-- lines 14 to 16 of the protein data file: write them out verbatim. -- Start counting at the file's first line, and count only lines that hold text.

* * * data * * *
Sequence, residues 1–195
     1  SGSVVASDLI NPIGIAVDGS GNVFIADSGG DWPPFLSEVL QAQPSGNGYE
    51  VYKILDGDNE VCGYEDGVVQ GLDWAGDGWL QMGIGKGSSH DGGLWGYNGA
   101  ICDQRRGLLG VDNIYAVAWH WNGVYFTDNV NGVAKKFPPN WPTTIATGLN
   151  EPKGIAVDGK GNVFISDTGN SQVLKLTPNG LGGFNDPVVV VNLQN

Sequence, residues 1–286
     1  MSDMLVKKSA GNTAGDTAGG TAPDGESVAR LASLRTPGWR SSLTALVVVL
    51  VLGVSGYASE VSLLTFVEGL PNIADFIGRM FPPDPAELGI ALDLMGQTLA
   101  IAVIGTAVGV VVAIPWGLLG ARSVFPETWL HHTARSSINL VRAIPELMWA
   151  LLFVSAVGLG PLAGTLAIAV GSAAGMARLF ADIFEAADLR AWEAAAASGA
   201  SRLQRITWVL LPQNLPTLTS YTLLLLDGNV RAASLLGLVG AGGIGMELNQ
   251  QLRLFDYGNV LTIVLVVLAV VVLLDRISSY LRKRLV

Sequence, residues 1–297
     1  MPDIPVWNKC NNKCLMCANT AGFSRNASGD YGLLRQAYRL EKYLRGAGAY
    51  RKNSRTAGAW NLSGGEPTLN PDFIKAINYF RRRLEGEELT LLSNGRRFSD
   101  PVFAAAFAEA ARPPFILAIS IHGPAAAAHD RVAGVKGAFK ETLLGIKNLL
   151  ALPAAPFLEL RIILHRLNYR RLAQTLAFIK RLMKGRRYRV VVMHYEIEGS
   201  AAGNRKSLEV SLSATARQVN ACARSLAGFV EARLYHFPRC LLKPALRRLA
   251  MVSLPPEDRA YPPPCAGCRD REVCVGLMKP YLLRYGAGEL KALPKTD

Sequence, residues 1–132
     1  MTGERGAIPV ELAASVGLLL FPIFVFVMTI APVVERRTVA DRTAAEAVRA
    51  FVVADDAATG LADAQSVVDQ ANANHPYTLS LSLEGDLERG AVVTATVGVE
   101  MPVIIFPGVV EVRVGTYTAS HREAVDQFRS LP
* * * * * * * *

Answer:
     1  MPDIPVWNKC NNKCLMCANT AGFSRNASGD YGLLRQAYRL EKYLRGAGAY
    51  RKNSRTAGAW NLSGGEPTLN PDFIKAINYF RRRLEGEELT LLSNGRRFSD
   101  PVFAAAFAEA ARPPFILAIS IHGPAAAAHD RVAGVKGAFK ETLLGIKNLL